American Teenagers Experience Abusive Relationships

by Savitha C Muppala on  December 7, 2009 at 10:30 PM General Health News   - G J E 4
 American Teenagers Experience Abusive Relationships
A disturbingly high number of American teenagers have been through abusive relationships and a 600percent increase in the calls and emails to the National Teen Dating Violence Hotline bears testimony to the fact.

Especially, alarming are the findings of a survey, which reveal that 5 percent of 'tweens' have even experienced physical violence in their romantic relationships.

"In this generation, it's hard to resist violence and it's probably influencing the number of abusive relationships," CBS news quoted Emily Santes, 15, from Rhode Island's South Kingston High School, as saying.

Technology - texting, instant messaging and social networking sites - has become a tool for teenagers to abuse and control their partners.

Sheryl Cates, CEO of the Texas Council of Family Violence, said: "Teens are primarily using technology and that has changed the dynamics in term of the abuse that we're seeing."

Lindsay Ann Burke, 21, started dating Navy seaman Gerardo Martinez in 2003 and much to the surprise of her mum her behaviour started changing after a few months. Lindsay started avoiding company and became increasingly secretive.

Her mum Ann said: "I did go to several counsellors...Not one of them picked up on the warning signs of an abusive relationship."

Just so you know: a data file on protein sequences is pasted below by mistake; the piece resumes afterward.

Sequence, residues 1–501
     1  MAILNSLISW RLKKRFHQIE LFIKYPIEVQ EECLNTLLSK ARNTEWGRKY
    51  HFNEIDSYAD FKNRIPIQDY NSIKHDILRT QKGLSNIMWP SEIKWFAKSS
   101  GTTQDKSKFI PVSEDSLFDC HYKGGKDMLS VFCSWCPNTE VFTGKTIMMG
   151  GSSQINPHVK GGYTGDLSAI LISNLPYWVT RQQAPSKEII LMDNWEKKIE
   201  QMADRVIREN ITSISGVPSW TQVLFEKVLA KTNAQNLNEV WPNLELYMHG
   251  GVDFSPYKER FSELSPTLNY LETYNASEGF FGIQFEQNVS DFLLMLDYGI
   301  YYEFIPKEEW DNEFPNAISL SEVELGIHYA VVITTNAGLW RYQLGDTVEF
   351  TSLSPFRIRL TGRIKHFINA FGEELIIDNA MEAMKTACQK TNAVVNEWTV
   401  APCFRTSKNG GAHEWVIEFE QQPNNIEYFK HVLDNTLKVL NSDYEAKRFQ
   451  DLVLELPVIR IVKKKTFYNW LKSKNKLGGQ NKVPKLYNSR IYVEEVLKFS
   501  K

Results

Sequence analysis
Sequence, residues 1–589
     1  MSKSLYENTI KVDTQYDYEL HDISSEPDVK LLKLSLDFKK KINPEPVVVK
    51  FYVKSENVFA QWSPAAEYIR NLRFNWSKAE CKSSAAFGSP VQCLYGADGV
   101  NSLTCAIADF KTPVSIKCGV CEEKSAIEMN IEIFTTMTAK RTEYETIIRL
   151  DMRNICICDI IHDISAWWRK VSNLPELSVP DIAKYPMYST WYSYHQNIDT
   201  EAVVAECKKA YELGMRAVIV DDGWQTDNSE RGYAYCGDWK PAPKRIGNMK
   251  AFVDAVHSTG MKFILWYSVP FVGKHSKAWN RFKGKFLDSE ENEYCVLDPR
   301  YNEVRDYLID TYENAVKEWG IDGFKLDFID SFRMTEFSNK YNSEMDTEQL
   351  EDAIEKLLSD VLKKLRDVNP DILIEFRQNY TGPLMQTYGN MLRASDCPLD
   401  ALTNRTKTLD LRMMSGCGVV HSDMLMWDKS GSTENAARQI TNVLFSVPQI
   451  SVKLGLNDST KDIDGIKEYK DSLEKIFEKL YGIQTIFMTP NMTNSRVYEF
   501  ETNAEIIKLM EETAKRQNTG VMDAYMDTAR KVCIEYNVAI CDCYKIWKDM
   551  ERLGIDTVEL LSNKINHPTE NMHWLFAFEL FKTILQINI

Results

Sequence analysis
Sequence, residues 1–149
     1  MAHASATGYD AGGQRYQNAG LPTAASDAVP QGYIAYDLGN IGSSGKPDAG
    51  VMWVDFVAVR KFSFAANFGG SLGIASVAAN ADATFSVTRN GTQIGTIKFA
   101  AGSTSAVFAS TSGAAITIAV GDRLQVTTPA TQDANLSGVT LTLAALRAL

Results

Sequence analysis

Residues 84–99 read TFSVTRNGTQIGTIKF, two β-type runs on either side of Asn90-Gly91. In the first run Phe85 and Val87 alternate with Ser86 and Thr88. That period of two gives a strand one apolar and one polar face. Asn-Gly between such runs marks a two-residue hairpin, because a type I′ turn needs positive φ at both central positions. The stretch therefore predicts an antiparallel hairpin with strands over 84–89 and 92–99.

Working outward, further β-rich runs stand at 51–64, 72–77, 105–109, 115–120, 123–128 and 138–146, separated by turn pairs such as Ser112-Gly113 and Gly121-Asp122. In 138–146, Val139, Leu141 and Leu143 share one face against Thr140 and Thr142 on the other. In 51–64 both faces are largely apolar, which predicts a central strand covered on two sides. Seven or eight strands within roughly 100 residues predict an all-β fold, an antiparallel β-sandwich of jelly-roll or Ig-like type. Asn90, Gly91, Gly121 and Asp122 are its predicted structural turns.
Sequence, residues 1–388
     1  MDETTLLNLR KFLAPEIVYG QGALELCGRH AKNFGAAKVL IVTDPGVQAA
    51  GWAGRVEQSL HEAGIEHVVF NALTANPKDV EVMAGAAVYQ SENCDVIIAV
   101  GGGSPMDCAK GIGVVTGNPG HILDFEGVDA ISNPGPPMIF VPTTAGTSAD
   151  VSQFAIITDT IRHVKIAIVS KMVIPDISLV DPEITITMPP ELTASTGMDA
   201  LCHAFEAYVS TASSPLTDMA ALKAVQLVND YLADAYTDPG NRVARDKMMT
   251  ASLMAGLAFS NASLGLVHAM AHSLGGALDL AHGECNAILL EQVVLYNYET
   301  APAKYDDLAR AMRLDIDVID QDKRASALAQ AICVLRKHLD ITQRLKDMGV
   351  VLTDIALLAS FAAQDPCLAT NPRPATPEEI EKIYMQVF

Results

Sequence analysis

Finally after two years Lindsay and Martinez broke up. When she went to Martinez's house to collect some of her things he stabbed her to death.

Ann pointed out: "Parents don't realize how much a part of their life their children really are until you lose one of them."

A grief stricken Ann, a health teacher at a Rhode Island middle school, now decided to take up the issue of dating violence with her students.

She said: "I went back to work, looked into the eyes of my 8th grade students and asked myself why is it that I'm teaching them about health disease and substance abuse - but I'm not teaching them about this?"fter two years of constant struggle for legislation on dating violence the Burke family won - the Lindsay Ann Burke Act became legally binding in July 2007.

"I know at that point, Lindsay was looking down and she was smiling," Ann said.

Source: ANI

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